CSS in React

CSS in React

Session 1: The Counterintuitive Secret to Shipping Better Articles Faster

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As part of the tasks in the #HashnodeBootcamp we learned in the first session that the best way to write articles is by using the TIL format blog post technique (basically is describing something you learned as "Today I learned...) so I want to tell you something I learned today.

My learning curve

So, I'm learning frontend development and I decided to deeply learn the React JS library to land my first job as a developer. I feel prepared with the intermediate knowledge in vanilla JavaScript so I'm starting learning React because it's in more demand on many of the companies I've been researching.

If you don't know React, basically it's a JavaScript library that allows you to write better JavaScript code dividing everything into components to make everything more interactive and well-performing.

You only need to create a component and you pass data into it, either from a database or from an API. A component could be a navbar, a card, a video, a task in a to-do list app, a blog title, etc.

CSS as a styling tool

I don't want to talk too much about React, but the way you can style components.

If you're still learning HTML, CSS, and JavaScript, you just create a file (or files depending on the size of your project) and everything is separate. In React there are some other options you can use to style components.

1. The classic way: A CSS file

This is the way everybody knows, you create your regular CSS file with your custom styles and apply a class name to your component.

Once the element is rendered into HTML, it'll have a class name and you just have everything in your CSS.

import './styles.css'

const App = () =>{
    return (
        <div className="excitingTitle">
            <h1>Hello World</h1>
        </div>
    )
}

As a note, since the keyword class is reserved in the JavaScript language, that's why in React we write className, React will convert it to the class attribute once it's rendered.

2. CSS with components: CSS Modules

Rather than having a large CSS file with all classes, we create multiple CSS files per component. So if you have a Navbar.js component, you need a Navbar.css file that contains all the styles just for that component.

In that way, you will follow the components philosophy in React and the advantage is that everything will be better organized.

import styles from './excitingTitle.module.css'

const App = () =>{
    return (
        <div className={styles.excitingTitle}>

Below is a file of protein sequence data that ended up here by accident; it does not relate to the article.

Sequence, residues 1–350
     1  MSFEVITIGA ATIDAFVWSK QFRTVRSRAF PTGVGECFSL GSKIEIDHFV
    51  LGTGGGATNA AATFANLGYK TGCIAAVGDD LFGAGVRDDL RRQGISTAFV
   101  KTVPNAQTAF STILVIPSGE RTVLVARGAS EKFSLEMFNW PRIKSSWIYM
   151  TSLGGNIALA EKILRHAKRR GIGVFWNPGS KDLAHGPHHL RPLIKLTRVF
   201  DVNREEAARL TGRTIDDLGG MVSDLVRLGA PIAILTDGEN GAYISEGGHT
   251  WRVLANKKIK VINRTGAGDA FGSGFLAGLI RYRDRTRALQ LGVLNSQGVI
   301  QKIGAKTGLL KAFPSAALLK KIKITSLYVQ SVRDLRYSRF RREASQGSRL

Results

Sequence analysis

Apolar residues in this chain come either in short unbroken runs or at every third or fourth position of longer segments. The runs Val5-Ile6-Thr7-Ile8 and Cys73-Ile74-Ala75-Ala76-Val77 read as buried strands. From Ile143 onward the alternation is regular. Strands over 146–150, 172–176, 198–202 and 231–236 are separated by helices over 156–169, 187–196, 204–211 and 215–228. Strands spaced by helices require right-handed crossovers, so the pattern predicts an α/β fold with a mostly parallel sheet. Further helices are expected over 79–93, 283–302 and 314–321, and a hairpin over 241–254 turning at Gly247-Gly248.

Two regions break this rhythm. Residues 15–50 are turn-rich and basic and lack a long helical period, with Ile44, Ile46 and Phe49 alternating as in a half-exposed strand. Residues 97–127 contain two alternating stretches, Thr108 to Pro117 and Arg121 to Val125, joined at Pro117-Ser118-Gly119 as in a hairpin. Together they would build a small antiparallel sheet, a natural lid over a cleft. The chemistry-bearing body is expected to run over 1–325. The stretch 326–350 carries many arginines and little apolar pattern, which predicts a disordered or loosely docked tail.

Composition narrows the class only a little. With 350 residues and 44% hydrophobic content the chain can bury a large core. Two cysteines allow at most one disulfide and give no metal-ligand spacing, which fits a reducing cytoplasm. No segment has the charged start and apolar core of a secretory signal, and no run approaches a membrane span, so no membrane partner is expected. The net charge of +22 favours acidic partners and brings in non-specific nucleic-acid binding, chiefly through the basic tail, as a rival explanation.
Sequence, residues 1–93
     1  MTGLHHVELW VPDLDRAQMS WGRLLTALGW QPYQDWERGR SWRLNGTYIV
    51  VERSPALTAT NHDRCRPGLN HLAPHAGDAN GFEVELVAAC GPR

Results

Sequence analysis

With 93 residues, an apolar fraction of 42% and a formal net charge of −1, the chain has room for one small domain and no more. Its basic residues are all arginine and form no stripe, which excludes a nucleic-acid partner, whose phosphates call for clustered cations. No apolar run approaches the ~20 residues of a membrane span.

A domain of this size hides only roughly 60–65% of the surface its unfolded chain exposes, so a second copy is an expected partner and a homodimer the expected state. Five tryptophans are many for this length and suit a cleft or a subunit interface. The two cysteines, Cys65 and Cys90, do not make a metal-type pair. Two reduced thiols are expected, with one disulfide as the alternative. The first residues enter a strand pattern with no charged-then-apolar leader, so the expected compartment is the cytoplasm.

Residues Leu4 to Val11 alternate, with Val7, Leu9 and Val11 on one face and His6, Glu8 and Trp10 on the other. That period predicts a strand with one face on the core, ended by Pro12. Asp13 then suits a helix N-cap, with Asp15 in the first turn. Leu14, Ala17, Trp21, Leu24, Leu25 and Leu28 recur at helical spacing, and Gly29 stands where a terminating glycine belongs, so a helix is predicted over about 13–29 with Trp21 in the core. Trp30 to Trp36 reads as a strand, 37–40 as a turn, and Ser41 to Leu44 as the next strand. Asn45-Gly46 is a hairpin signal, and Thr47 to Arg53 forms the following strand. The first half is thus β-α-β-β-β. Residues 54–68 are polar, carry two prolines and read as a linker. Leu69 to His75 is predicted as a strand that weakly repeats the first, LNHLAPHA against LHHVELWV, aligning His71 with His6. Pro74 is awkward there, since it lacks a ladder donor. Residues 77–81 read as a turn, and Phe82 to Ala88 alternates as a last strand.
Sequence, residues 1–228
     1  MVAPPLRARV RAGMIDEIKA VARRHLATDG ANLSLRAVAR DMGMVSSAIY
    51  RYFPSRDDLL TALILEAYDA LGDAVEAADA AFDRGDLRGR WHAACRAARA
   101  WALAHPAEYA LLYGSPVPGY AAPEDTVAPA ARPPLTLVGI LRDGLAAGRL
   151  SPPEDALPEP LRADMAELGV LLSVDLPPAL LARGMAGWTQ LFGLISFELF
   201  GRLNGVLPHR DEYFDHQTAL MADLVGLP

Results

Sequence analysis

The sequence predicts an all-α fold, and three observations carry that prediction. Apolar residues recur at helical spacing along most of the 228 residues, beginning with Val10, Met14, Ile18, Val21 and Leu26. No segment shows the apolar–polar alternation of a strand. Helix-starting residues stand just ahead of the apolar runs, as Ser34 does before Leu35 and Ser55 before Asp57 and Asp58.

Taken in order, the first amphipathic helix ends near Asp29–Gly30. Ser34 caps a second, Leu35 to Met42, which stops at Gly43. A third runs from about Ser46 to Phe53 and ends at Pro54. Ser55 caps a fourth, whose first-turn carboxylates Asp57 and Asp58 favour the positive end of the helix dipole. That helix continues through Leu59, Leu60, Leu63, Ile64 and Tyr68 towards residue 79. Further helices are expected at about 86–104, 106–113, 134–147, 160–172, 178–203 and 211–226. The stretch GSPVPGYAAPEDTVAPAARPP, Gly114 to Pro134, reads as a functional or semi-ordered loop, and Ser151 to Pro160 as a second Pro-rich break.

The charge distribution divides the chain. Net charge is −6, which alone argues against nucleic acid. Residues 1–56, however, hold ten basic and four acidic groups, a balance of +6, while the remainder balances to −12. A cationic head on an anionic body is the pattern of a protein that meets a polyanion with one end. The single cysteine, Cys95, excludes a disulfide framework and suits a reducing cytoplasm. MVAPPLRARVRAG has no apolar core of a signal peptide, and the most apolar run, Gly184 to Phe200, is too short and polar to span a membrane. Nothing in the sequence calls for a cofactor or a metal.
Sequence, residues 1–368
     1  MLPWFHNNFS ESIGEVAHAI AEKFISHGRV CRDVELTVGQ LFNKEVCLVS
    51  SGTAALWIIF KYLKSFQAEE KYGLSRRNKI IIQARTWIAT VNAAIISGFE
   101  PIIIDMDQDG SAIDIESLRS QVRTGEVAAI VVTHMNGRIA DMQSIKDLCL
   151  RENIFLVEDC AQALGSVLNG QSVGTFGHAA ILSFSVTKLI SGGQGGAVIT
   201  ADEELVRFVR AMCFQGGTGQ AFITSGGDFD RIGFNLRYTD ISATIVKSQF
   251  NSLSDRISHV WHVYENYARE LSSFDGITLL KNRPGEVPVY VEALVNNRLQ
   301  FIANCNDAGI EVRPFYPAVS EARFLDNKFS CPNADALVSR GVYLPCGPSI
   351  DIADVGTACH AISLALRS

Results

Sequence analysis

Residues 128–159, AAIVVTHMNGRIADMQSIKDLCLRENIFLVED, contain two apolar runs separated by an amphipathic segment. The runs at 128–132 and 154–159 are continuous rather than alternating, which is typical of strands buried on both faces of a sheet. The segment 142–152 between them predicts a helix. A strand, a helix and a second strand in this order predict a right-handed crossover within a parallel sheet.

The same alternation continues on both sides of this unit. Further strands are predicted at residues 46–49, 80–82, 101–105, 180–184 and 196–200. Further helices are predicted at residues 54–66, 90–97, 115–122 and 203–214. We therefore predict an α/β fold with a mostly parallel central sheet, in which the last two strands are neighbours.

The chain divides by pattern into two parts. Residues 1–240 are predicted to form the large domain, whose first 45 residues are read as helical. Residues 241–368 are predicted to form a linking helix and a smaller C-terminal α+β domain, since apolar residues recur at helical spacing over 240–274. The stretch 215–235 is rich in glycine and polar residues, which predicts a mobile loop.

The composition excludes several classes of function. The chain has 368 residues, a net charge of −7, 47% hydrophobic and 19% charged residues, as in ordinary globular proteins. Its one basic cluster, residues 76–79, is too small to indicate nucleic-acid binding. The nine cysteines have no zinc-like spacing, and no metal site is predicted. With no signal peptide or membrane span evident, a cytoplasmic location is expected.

<h1>Hello World</h1>
        </div>
    )
}

The name convention is to add the word .module at the end of the title to distinguish it among other CSS files.

3. CSS within the JS component: Styled Components

This is an innovative way to style elements since developers can create their custom CSS within the same React components.

You use it with libraries such as Aphrodite, JSS, Styletron, Emotion, and other ones, but the one I learned and applied it on a project is Styled Components.

Check my last small project, a calculator created in React on https://calculator-davidsalomondev.vercel.app/ and the source code is on https://github.com/DavidSalomonDev/calculator

Style components is a library that allows you to create CSS code as functions, using the benefits of inheritance from Sass and passing props to some property values.

import styled from 'styled-components'

const StyledTitle = style.div`
    background-color: #333;
    color: #eee;
    margin: 2rem;

    h1{
        font-family: 'Open Sans', sans-serif
        font-size: 4rem;
    }
`;

const App = () =>{
    <StyledDiv >
        <h1>Hello World</h1>
    </StyledTitle>
}

It's commonly used and you can identify what are the styles a component has.

4. A simple CSS library: Bootstrap or Tailwind

I didn't know that this way was the most used among React developers, and it was disappointing for me. I'm a person that likes to modify and have control of everything and know what's the origin of things.

Using a CSS library is reusing what another person already styled. It takes off a little bit of the originality your project should have, but the developers' opinion is this: Why are you going to complicate things that are already created?

That's a good point if you are going to work on small projects. So, simply, to style using this method, you only need to import the library and apply the classes stated in their documentation.

const App = () =>{
    return (
        <div className="mt-4 pt-2">
            <h1 className="text-5xl text-blue-700">Hello World</h1>
        </div>
    )
}

If you're not good at design and styling, I think you can use this method, or sometimes even though you are good at it, there's no time to create custom styles to deploy an application (overall in startups that need everything for yesterday).

Tell me, what's your favorite one?

  • Are you the one that likes to style everything?
  • Do you use CSS libraries?
  • Do you create separate components or is it everything in just one file?
  • In your opinion, Is there another framework or library better than React?

Tell me in the comments, I'd like to read at your thoughts and learn from them.

 
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